Last June, BROCKHAMPTON dropped their début album, Saturation. It’s an exhilarating and inviting listen that displayed the group’s plethora of talents and personalities.
When listening to Saturation, it becomes especially apparent that they know how to intertwine their various skill sets in songs. The album contained insanely catchy hooks, various sounds, and interesting vocal inflections. The impeccably natural compatibility of BROCKHAMPTON paid off with the creation of songs driven by angst, love, confidence, and depression. Saturation is the encapsulation of young 20-somethings rapping about the highs and lows of following their dreams.
BROCKHAMPTON is a boyband in the purest sense. They do everything together. The boyband creates, records, and even live together in South Central, Los Angeles. They are more than just a group of rappers and singers. The band has their own producers, engineers, graphic designers, and videographers. BROCKHAMPTON also stars in their own show on Viceland, American Boyband, where they show exclusive behind the scene footage of their concerts and daily lives.
Now fans have a new album, Saturation II from the self-proclaimed boyband, but it’s barely anything like its predecessor. Someone could rightfully describe their first album as an album about dreaming for something, while their second album can be described as taking that thing and not caring what anyone says about it. There is a type of confidence and brashness that was nonexistent on their project released a couple of months ago. It’s far less pop and melodic and relies more so on innovative rhyme schemes rather than overly infectious hooks. BROCKHAMPTON is obviously quite aware of their imminent rise to stardom by giving audiences a confident, hard-hitting album that is enriched by their unique essence.
“‘Why you always rap about bein’ gay?’” ’Cause not enough niggas rap and be gay” — Kevin Abstract on “Junky”
All seven of the vocalists from BROCKHAMPTON are in a pristine form on Saturation II. The founder, Kevin Abstract, along with Ameer Vann, Dom McLennon, Merlyn Wood, Matt Champion, JOBA, and Bearface, give amazingly well-balanced performances along the ride. All of them offer blazing lyrics that define their attitude and character. If this album is your first time listening to BROCKHAMPTON, it should only take a few listens to distinguish who’s who because their individuality is so strong. It isn’t hard for them to spark your interest either.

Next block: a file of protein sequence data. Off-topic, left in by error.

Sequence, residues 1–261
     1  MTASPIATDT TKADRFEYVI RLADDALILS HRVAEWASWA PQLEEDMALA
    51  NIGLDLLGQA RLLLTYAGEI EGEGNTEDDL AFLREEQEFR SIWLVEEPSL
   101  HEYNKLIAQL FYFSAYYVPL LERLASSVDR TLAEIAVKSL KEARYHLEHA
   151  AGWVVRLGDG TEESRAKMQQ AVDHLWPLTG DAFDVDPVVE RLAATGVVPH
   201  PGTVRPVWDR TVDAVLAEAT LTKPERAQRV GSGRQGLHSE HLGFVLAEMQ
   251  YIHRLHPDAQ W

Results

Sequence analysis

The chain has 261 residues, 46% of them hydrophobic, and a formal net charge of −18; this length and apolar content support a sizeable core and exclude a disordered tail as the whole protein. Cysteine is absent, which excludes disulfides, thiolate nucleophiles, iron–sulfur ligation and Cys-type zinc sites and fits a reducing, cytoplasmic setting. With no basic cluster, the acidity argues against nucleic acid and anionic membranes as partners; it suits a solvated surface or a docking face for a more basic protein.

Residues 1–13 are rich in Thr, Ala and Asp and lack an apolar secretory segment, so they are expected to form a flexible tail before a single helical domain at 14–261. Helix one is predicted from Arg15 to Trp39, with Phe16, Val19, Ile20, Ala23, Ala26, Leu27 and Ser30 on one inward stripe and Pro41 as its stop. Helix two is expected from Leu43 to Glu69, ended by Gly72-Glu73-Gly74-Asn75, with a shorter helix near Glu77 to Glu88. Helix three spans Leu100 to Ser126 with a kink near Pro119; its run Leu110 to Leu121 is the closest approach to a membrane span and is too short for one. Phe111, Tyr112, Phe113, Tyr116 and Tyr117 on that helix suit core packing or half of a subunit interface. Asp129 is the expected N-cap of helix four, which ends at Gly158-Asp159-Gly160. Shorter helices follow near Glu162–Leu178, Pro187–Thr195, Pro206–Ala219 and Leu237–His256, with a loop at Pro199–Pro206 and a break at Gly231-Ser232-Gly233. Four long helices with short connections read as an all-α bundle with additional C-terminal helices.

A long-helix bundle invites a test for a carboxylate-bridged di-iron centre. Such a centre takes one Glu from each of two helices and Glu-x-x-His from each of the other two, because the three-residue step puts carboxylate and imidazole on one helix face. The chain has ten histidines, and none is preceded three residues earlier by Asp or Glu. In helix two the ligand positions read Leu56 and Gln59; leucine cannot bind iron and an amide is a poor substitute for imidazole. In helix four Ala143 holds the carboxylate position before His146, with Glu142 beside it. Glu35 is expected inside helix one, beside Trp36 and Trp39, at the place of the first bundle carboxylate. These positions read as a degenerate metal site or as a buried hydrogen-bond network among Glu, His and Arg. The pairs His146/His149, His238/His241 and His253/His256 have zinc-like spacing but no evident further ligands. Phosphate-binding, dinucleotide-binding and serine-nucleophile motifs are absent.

The beginning track, “GUMMY,” aggressively grabs your attention with Kevin Abstract’s vicious intro verse and Merlyn Wood’s bouncy bridge. The instrumental is expressive and fluid. It changes slightly when each member begins their verse to reflect their respective tones and personalities. The in-house producers of BROCKHAMPTON does a good job catering to their vocalists throughout the project. This is especially evident of “QUEER,” which contains a wicked beat change and an illustrious hook. It’s magnificent how they balance vigor and smoothness on tracks like this.
“TEETH” is a showstopper. Ameer Vann gives a brutal, honest verse over a soulful choir. There is a special kind of intensity that is produced by Ameer’s sincere, yet chilling voice. That is something that only he can do in regards to the rest of the group. The group does another good job at using themselves appropriately on “TOKYO”. The second most capable singer of the boy band, JOBA, utilizes his off-kilter singing to give a somewhat weirdly satisfying intro verse. His accustomed vocal style is unrecognized in most rap songs, so it brings a unique element to the track. The next track, “JESUS” features Kevin Abstract voicing his regret over a failed relationship over a sparse piano. Bearface, the best singer in BROCKHAMPTON, gives an incredible verse that compliments Abtract’s pain. His voice sounds like a lead singer from a late 20th-century rock band.
“CHICK” may be the best song when it comes to rapping. Matt Champion’s trademarked sly tone gives the track a chill yet menacing attitude. Dom McLennon, arguably the best lyricist in the boy band, gives one of his best verses.
“I wanna build up the culture They wanna dream in the trap I took the zoom off my lens And I saw the world in my lap,” ended his verse on “CHICK.” “JUNKY” is an anthem for the outliers. Each of them talk about their respective external dilemmas. Merlyn Wood’s verse is arguably the most relatable. He raps about how his parents may consider him a failure and believe that rapping isn’t what’s best for him right now. “So I forgive my mommy, daddy, auntie and my uncles. For guilt-tripping feelings whenever they call my number. They see men dream, they see men fallin’. But when I dream, I’m smashing on a Lana.” All of them have outside nuisances and doubters that don’t want them to live the life they are living despite the fact that it is working for all of them.`
“FIGHT” touches on black oppression and the teaching of value of black people in public schools. Skin color stays with someone for the rest of their lives, and if you’re the wrong skin color, you’re going to suffer some way. Ameer and Dom take this topic head on. It seems when all or most of the members are on a song it’s really good.
Sometimes posse cuts fall apart but BROCKHAMPTON never fails to make each other shine equally. This is especially apparent on “SWEET” where all of them offer impressive give impressive verse while Kevin gives one of the best hooks on the project. The album ends with “SUMMER” a beautifully sung track by Bearface, which is reflective of the closing track on Saturation.
Everything seems to work for BROCKHAMPTON. It should be specified that they are not a rap collective. They are a boyband. They work well with each other despite stylistic differences. Saturation II is a solid all around project that pairs nicely with the first Saturation. It leads to curiosity what Saturation III will sound like.